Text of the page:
Last Updated on October 6, 2022
If you’ve recently relocated, there are a lot of details demanding your attention, no matter if you’ve moved to a different state or just across town. One item to make sure to include on your to-do list is changing over insurance to your new location.
A move may signal a good time to shop auto insurance rates, as location and length of commute will help determine your premiums. For instance, if you’ve moved from a larger city in the Carolinas to a small town, your rates may change. And if you’ve moved to a new state, be aware that insurance and rates from one state do not transfer to another state.
Ask your agent or insurance company to review your auto insurance thoroughly with you, along with state laws regarding insurance points for tickets and at-fault accidents.
And yes, even if you move just across the border from North Carolina to South Carolina, and vice-verse, your auto insurance will have to be changed. So why not take this opportunity to get the best rates with the best coverage possible?
Insuring your new home
Since with a move, you are likely changing residence, you’ll need to cancel your previous home insurance, once you move, and have new insurance in place on your new home or apartment.
If buying a home, your mortgage company will have dwelling coverage requirements, but it’s also a good time to review your liability and personal property coverage to make sure it’s adequate. You may also want to inquire about a Personal Liability Umbrella and a Personal Articles Policy for any valuable items that need to be itemized. If you already have those types of policies, let your agent or company know so that a change of address can be made, or new policies written.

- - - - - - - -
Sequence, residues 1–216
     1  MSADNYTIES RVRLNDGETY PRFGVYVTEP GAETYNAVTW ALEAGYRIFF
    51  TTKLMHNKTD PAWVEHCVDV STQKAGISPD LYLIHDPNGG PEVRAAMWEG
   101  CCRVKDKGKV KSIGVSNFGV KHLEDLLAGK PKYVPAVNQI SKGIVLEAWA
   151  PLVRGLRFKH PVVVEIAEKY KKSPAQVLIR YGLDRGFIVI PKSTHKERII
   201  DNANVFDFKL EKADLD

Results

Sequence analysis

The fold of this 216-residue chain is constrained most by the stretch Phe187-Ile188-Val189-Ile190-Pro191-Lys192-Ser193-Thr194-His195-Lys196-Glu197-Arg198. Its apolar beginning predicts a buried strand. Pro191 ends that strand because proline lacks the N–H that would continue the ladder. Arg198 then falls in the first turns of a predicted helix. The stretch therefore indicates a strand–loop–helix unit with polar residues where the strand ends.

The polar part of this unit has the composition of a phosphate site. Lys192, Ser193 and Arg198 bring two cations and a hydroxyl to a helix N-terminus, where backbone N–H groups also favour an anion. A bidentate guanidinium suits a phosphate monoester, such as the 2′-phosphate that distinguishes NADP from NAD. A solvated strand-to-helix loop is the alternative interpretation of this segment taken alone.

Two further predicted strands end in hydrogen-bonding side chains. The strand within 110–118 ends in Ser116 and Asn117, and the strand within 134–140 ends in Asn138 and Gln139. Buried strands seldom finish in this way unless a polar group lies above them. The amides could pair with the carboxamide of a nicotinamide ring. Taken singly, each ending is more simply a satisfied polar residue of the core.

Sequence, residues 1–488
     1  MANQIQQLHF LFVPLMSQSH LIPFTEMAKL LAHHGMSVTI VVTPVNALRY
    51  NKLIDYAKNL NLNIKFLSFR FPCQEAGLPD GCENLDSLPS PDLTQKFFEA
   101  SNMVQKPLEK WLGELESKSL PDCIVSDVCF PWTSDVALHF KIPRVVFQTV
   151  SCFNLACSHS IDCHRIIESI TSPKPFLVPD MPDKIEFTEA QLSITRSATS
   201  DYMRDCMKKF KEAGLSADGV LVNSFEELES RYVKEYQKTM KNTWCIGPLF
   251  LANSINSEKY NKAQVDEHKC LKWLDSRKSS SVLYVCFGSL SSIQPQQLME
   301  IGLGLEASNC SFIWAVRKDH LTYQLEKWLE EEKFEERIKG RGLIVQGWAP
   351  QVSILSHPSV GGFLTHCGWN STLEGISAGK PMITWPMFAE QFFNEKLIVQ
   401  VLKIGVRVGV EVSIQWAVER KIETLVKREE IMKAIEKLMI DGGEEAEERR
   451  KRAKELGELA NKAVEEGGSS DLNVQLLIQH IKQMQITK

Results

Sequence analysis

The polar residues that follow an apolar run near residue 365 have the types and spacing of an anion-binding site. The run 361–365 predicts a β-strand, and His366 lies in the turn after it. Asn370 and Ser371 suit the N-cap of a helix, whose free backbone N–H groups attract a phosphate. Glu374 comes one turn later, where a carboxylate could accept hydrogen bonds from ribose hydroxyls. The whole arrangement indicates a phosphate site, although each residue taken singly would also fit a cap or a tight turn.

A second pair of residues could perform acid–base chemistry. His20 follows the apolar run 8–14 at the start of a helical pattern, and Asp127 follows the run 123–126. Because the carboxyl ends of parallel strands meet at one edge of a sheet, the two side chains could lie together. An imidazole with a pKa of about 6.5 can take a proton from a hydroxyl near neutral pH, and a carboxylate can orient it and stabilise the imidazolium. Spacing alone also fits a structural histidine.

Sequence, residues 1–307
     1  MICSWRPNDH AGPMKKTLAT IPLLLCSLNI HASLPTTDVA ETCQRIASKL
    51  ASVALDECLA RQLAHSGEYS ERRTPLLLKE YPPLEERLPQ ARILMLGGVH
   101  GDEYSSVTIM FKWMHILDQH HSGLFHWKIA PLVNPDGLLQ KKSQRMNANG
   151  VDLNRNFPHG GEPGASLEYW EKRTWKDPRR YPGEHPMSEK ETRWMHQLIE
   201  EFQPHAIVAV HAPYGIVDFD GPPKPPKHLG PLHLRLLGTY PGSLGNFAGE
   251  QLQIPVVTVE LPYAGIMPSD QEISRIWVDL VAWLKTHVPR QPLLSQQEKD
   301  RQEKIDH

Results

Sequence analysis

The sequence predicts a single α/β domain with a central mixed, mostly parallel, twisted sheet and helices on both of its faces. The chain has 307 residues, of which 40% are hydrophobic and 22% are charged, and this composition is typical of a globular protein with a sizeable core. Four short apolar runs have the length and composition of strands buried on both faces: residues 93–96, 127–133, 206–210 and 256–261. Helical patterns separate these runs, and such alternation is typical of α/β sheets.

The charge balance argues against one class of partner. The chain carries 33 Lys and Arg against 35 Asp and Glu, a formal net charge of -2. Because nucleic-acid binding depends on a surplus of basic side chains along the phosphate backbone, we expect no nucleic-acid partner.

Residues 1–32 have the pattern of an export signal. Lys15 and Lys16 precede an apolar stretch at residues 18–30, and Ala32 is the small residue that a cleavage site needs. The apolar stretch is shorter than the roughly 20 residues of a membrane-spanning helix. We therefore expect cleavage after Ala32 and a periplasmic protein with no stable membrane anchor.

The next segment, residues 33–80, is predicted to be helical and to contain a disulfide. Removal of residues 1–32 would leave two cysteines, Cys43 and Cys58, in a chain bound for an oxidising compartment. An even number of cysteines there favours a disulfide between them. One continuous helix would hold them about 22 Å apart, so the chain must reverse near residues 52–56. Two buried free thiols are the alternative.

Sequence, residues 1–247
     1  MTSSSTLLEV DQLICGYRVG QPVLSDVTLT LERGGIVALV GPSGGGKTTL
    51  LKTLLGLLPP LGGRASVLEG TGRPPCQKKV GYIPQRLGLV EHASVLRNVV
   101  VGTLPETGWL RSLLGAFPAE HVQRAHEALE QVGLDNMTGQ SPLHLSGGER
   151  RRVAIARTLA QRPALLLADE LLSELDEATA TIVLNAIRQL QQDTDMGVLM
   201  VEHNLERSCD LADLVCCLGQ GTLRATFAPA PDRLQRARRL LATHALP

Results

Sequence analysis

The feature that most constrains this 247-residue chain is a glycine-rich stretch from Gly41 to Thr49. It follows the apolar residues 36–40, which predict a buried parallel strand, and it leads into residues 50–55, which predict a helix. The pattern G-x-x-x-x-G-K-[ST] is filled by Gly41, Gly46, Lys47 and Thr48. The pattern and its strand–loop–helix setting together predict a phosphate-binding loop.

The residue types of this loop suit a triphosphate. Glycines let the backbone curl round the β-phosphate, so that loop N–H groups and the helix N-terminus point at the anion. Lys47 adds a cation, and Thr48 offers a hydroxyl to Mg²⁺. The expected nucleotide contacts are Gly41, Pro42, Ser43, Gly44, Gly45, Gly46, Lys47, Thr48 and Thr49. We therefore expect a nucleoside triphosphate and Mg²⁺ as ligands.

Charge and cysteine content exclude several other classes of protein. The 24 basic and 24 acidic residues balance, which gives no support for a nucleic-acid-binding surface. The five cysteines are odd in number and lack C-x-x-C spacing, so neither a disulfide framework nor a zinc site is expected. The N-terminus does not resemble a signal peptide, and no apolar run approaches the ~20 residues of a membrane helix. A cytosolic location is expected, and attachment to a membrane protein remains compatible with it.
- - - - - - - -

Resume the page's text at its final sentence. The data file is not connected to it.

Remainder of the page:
Review with your insurer any added coverage you may need, such as flood, backup of sewer and drains and other endorsements to your standard homeowners policy.
Even if you are moving into an apartment, you’ll need a Renters Policy to insure your personal belongings.
Personal Life and Disability Policies
If you carry personal (not associated with your job) whole or term life insurance, or disability insurance, you may only need to change your address. Check with your insurer, especially if you have disability insurance and have changed occupations, because your new job could change your rates.
On the move
Before you load up the truck, check your homeowner’s policy to see if your possessions are protected in transit. Some policies cover personal property anywhere, regardless whether it’s in your home or in a moving van. Other policies won’t cover anything once it’s out the door.
If that’s the case, you should be able to get coverage through your moving company through supplemental insurance that covers a set percentage of replacement costs.
Make it a good move
To be extra certain about all your policies and coverages, check in with your insurance company or agent before and after a move, to get specific guidance and direction on how to handle everything. Before you know it, you can check “changing insurance policies” off your moving to-do list and rest assured you’re covered and protected in your new location.